Prong Collars are not all bad for German Shepherds; in fact, if used appropriately, they can be the most effective and humane way of correcting the “land sharks” during their obedience, protection and other training and walking exercises. GSDs have a strong mind of their own and a 100% positive reinforcement or bribing with treats at all times doesn’t help ubiquitously. Being the mom to two GSD puppies, I know how it breaks your heart when you’ve to give a hard pull on the prong, but it’s necessary at times. I’ve come across many pet owners and several self proclaimed dog whisperers who would freak out at the hint of using a prong collar and would make you feel like either a worthless or a cruel pet parent. It should be remembered just like any other training tool, prong collars if used correctly, and conscientiously can be an excellent training device, just as normal collars in wrong hands or emptying your bag of treats to a pointless extent can end up being a useless or even an abusive exercise.
Why Use Prong Collars:
- They enable a one-time hard correction instead of multiple nagging attempts to correct by pulling on an ordinary collar or even a choke collar.
- If your GSD is too mouthy or has excessive nibbling or biting habits and no other deterring trick is working, a pull on the prong can work.
- If he’s often distracted during obedience training sessions ( like our Enzo), you’ll need prong collars to get him focus his attention on you during training sessions.
- While out on his daily walks, if he gets too distracted by another human or a canine and refuses to “heel” or “fuss” you, a single pull on the prongs can work wonders.
- The prongs would remind the pup of the teeth of the momma dog that she uses to correct unacceptable puppy behavior.
- The prongs offer an option of self-correction for the pup: if he behaves right, he feels nothing; if he behaves wrong the momma is there to correct him. He would know pulling at the leash is never acceptable and his relationship with his owner needs to be mutually respectful. It’s super critical to properly train a pup with the particular set of tools needed in his particular case before branding him off as “aggressive” after a series of needless “positive reinforcement” attempts and then just giving him away claiming he has behavioral issues and is unsuitable to stay with your family.
How to use Prong Collars ?
- Whatever forbidding command you use to correct your GSD, for example, “NO”, “OFF”, “LEAVE IT”, or “Aus“, the command has to immediately accompany the pull so that he can register the correlation in his memory.
- Don’t give multiple mild pulls on the prong as that may send out the message that this is yet another nagging parent thing that can be taken for granted. Give ONE single but hard pull immediately accompanied by a command.
- Make sure you make adjustments in the collar length depending on your GSD’s neck size and hair density around the neck area. The main purpose is to correct him when he disobeys you. That’s it ! It’s not supposed to cause pain to your baby.
- As soon as training and/or walking sessions are over, take the collar off. Otherwise your GSD may get immune to wearing the prong all day and may get so used to it, that future corrections may not have any impact on him.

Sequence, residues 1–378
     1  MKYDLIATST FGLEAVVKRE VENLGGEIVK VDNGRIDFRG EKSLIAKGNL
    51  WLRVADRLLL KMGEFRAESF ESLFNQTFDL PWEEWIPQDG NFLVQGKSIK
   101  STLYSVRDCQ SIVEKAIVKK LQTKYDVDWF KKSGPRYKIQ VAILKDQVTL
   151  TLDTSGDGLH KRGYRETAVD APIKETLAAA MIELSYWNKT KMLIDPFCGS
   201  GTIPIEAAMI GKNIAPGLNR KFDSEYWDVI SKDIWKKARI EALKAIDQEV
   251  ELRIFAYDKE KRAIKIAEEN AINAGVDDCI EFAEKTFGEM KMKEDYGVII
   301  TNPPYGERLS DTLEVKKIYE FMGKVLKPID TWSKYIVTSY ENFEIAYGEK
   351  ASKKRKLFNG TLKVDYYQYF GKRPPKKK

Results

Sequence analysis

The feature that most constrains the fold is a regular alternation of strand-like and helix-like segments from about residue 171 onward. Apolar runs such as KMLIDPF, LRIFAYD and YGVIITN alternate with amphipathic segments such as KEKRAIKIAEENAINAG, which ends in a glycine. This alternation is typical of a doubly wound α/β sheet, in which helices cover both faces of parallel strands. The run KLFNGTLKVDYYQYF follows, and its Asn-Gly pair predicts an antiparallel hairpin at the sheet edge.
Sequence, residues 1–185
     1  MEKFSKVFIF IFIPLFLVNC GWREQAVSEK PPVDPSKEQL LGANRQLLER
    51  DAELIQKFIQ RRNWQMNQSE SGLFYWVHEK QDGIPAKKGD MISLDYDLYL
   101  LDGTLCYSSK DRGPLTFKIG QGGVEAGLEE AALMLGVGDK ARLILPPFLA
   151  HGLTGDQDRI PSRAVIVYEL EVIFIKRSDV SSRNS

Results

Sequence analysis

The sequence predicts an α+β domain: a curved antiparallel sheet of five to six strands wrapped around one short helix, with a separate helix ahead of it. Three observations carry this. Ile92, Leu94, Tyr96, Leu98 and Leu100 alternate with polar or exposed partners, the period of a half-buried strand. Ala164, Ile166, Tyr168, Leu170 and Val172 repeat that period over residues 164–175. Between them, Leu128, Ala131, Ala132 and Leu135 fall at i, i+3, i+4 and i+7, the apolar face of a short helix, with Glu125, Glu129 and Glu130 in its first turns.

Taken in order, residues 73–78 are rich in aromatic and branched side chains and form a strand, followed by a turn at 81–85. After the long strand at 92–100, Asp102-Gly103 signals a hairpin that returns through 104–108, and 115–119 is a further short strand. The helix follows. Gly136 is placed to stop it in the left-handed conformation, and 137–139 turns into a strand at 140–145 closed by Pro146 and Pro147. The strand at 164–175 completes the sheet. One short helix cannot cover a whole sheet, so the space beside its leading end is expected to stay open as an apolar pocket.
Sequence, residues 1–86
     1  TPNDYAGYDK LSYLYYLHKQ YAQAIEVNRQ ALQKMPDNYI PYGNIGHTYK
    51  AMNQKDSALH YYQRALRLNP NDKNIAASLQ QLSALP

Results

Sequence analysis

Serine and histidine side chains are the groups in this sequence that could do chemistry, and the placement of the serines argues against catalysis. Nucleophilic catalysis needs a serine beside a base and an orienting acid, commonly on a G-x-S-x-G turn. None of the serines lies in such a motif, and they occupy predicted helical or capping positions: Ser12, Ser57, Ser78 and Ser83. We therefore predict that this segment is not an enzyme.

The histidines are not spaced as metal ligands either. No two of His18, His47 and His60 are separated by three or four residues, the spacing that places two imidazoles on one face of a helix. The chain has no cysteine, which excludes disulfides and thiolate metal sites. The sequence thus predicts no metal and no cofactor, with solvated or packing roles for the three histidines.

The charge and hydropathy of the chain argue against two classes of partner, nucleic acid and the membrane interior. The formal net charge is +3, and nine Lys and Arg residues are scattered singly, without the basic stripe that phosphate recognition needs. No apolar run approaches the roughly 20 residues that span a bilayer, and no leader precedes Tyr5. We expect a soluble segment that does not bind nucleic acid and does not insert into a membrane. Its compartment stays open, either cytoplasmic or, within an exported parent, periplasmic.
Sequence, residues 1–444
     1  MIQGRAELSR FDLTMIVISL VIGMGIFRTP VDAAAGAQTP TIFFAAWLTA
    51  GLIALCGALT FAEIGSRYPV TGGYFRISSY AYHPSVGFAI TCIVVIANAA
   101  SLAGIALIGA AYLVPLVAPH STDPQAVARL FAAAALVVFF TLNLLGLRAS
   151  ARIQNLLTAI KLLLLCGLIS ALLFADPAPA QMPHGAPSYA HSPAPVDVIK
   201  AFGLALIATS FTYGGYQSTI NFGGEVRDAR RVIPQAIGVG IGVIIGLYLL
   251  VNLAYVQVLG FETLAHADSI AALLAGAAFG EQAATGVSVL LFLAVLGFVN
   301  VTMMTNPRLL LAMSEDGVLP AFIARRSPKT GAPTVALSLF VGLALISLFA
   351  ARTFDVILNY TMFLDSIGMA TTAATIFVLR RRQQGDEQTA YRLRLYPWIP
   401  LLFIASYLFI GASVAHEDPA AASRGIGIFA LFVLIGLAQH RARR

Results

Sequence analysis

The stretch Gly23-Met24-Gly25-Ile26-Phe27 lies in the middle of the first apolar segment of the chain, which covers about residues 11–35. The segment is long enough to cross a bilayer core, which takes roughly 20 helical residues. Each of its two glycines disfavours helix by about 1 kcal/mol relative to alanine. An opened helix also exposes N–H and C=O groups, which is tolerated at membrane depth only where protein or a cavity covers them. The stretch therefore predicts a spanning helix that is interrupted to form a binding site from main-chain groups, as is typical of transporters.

- A collar worn too tight or over a prolonged period of time may hinder your GSD’s hair growth around the neck area, especially if we’re talking of a growing puppy.
- Enzo is an unneutered, very high drive, working line German Shepherd from a stellar lineage with parents and both sets of grandparents holding impeccable IPO and Schutzhund records. Please be careful in extrapolating training techniques that work for him to other dog breeds or even for that matter neutered and low drive GSD pups who may not need the prong at all.
- I’ve come across people who tighten the prongs tight enough on their dog’s neck (many of them would point out I make Enzo wear the prong in a rather loose and “wrong” fashion) so as to choke him, then pull at the prong, and then when the pup yelps, hurriedly conclude that prongs cause pain. This is somewhat of a self fulfilling prophecy. Don’t use the tool wrong before concluding that the tool itself is wrong and serves the wrong purpose.
- Every dog is unique and every owner is different. It’s the owner’s responsibility to learn the right techniques from a professional trainer (I mean a true professional, not enthusiasts disseminating their “valuable” experience free of cost across the internet and those who have never met your dog nor have the slightest idea about his nature) and then customize it according to your GSD’s unique needs and temperament.
- Keeping an open mind is very important. While prongs may be great for one dog, they may not work at all for another, depending on the temperament. Know your dog well, bond with him well, and try forging a mutually respectful relationship with him.
- I’m a pet parent; not a professional breeder nor trainer. I train my pups as a part of my hobby. My pups, however, are under the constant supervision of reputed professional trainers. The articles I write are strictly from the viewpoint of a pet parent and chronicle the day to day puppy raising experience of a serious GSD owner. As often while raising a kid, opinions of parents and teachers may vary, so can my opinions vary with other parents and trainers with a different school of thought. I guess that’s perfectly normal.
We started using prong collars on our both GSDs when they were pretty young and can’t imagine how we could have trained them ever without a prong collar. Just a word of caution: please use this tool conscientiously as its indiscriminate use can turn out to be abusive for your pet.